A few of the COVID-19 assessment centres in Toronto have seen an increase of walk-in traffic, as Ontario begins to increase asymptomatic testing.
The Michael Garron Hospital assessment centre saw a “significant increase” in visits on Monday, which was “more than double than that of our previous daily volumes,” a spokesperson told Daily Hive.
The centre is open for residents in East Toronto on a daily basis, providing testing for those who have one or more symptoms, or for those with no symptoms but are concerned they have been exposed to someone with coronavirus.
THREAD 1/2: #COVID19 testing at MGH
Our COVID-19 Assessment Centre offers assessments/testing for people in East Toronto who have one or more symptoms related to COVID-19 OR who have no symptoms but are concerned about possible exposure to someone who is sick/under investigation. pic.twitter.com/ozvspnNKmy
— MGH / TEHN (@MGHToronto) May 26, 2020
Another assessment centre at Humber River Hospital saw 201 walk-ins on Monday, the highest volume in a single-day, spokesperson Joe Gorman told Daily Hive.
So far, on Tuesday, there have been 123 visitors and with another few hours left in the day, Gorman believes more than 201 people will come to the centre.
“We do see a larger volume of people coming many stating that they saw the premier speech and they want to get tested,” Gorman said.
And, Toronto Western Hospital’s testing centre has seen a similar increase.
“Since Premier Doug Ford announced expanded COVID-19 testing on Sunday, May 24, there has been an increase in the number of people visiting the Assessment Centre at Toronto Western Hospital,” the spokesperson for the hospital told Daily Hive.
On Sunday, Ford asked that more Ontario residents to get tested even if they are not showing symptoms, so the province can have a better understanding of the virus.
According to the spokesperson for the hospital, on Saturday, May 23, there were 50 tests taken, then on Sunday, May 24, there were 93 tests conducted and on Monday, May 25, there were 116 tests done.
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According to the Minister of Health’s office, an increase in asymptomatic testing in Ontario is already underway.
Over the weekend, the province issued expanded guidance on asymptomatic testing for individuals living in the community.
“In addition to testing all people with at least one symptom of COVID-19, assessment centres will also conduct asymptomatic, risk-based testing,” Hayley Chazan, the senior manager of media relations told Daily Hive.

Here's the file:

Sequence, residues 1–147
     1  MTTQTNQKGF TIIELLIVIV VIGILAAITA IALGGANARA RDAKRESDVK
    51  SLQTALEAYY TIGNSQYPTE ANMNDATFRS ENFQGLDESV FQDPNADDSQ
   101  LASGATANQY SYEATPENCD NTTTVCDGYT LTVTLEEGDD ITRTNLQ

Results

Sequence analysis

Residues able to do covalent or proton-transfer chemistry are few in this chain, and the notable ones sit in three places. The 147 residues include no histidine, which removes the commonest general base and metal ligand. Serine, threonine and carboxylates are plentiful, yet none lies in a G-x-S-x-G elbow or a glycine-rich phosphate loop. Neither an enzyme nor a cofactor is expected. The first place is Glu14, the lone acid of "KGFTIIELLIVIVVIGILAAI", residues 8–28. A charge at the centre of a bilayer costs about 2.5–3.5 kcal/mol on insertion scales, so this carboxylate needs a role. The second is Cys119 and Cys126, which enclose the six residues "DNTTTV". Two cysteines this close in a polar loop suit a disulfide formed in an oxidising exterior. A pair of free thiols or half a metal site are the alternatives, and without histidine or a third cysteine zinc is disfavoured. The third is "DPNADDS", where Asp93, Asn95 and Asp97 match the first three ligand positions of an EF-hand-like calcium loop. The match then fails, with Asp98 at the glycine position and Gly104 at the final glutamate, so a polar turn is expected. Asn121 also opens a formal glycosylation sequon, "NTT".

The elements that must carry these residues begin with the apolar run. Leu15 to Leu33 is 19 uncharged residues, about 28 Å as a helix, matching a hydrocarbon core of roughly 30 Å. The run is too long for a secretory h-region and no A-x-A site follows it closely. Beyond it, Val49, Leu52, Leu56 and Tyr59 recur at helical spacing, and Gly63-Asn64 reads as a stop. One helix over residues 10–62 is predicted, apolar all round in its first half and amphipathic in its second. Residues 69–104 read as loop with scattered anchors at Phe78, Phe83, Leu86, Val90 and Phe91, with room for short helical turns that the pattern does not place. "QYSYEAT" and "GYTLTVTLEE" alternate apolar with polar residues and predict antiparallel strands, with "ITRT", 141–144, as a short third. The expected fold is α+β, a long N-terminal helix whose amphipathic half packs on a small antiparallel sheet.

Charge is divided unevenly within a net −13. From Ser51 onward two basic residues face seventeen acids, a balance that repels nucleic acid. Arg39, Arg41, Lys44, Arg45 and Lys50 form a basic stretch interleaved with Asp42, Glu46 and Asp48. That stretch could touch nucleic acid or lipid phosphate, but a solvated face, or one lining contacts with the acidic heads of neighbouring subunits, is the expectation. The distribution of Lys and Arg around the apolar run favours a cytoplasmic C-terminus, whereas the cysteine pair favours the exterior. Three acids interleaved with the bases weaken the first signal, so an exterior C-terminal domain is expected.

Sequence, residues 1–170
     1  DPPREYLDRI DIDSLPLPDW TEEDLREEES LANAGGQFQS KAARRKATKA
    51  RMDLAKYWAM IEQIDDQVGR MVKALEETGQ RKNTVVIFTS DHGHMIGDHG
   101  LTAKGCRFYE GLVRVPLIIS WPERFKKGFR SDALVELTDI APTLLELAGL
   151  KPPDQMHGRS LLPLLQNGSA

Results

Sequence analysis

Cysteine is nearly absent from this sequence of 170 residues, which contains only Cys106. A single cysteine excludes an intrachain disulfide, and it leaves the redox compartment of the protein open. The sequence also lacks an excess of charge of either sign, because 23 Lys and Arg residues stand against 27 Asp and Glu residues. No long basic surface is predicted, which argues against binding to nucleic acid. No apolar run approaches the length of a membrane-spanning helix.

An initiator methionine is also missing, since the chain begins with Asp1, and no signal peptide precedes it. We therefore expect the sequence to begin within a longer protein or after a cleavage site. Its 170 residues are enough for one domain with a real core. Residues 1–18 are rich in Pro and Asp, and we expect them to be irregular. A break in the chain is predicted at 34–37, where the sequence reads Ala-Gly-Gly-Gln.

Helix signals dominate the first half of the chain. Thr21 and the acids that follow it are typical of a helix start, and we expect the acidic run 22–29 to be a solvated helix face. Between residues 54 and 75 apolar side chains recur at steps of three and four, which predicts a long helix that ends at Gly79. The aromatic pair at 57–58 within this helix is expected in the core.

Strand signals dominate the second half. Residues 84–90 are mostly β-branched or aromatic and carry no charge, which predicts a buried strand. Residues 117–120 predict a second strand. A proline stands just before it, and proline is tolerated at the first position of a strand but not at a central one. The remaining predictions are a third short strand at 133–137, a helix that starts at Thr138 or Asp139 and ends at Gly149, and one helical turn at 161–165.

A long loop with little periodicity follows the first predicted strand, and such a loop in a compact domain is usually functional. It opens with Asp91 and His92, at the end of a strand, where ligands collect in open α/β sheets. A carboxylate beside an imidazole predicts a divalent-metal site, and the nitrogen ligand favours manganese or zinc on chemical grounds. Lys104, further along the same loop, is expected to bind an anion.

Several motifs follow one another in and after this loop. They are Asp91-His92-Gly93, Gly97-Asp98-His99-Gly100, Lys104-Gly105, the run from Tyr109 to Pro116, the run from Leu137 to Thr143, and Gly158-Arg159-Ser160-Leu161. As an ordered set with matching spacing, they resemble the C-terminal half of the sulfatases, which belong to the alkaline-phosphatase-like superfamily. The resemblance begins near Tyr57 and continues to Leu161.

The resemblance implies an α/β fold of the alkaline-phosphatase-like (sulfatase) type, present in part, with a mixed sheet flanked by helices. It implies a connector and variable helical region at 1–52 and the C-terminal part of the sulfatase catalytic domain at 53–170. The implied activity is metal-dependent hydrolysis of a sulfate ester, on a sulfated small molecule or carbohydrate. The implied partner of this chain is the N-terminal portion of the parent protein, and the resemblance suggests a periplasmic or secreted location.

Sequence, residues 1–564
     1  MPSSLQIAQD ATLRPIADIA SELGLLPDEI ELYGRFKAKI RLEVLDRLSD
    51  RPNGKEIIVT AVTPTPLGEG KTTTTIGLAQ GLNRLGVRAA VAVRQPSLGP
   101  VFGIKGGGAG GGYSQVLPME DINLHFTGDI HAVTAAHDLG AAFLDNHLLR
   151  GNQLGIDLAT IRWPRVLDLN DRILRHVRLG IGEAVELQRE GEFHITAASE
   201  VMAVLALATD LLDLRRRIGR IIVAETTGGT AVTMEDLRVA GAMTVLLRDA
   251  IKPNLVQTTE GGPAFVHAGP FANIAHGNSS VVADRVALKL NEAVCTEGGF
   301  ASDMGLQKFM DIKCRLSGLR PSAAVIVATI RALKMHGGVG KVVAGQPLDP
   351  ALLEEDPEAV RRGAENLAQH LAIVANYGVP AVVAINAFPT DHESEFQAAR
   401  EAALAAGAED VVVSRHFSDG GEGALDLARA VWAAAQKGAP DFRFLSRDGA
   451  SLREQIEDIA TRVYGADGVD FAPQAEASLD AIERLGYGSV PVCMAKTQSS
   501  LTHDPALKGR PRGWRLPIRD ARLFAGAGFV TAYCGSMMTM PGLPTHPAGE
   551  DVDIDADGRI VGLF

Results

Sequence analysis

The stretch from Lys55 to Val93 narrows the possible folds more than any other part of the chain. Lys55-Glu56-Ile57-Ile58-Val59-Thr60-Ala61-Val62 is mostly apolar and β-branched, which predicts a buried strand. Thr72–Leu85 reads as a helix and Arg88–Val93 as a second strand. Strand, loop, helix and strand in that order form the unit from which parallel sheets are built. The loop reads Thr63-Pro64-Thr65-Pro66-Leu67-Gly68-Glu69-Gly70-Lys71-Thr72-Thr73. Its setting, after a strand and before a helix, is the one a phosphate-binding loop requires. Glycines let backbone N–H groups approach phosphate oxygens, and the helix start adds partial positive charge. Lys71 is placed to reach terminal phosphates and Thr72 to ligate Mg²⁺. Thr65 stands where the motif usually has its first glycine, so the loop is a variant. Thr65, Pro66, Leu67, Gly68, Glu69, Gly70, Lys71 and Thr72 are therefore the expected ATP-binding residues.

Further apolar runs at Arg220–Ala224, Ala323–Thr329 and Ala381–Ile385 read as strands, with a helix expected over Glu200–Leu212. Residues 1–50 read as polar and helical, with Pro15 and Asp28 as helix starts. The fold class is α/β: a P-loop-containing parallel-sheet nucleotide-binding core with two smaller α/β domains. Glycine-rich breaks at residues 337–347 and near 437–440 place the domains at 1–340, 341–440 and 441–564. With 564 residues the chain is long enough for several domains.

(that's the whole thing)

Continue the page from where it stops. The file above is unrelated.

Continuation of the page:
On May 24, a memo was released providing additional testing direction based on guidance provided by the Chief Medical Officer of Health, Dr. David Williams.
“Our approach to testing will continue to evolve, based on evidence from Ontario and other jurisdictions and the public health indicators that we are monitoring closely,” the memo says.
“Effective immediately,” testing is available for symptomatic testing if an individual has at least one symptom of coronavirus, even for mild symptoms.
And, asymptomatic, risk-based testing for people who are concerned that they have been exposed to the disease, which includes individuals who are contacts of, or may have been exposed to a confirmed or suspected case.
Also, for people who are at risk of exposure through their employment, including essential workers.
The memo states that “no Ontarian who is symptomatic or who is concerned they have been exposed to COVID-19 will be declined a test at an Assessment Centre” either through appointment or walk-in.
“As we continue to take an iterative approach to testing, expanded testing will provide valuable information about the spread of the virus in different communities across the province and help us to protect vulnerable populations and all Ontarians,” the memo outlines.
Chazan added that the province also recently completed proactive surveillance — testing of symptomatic and asymptomatic — of residents and staff in long-term care homes.
And, that a complete surveillance testing of staff working at emergency childcare centres and residents and staff in congregate care settings, including retirement homes, group homes, and correctional institutions, is being undertaken.
The Ontario government will release the next phase of the testing strategy later this week.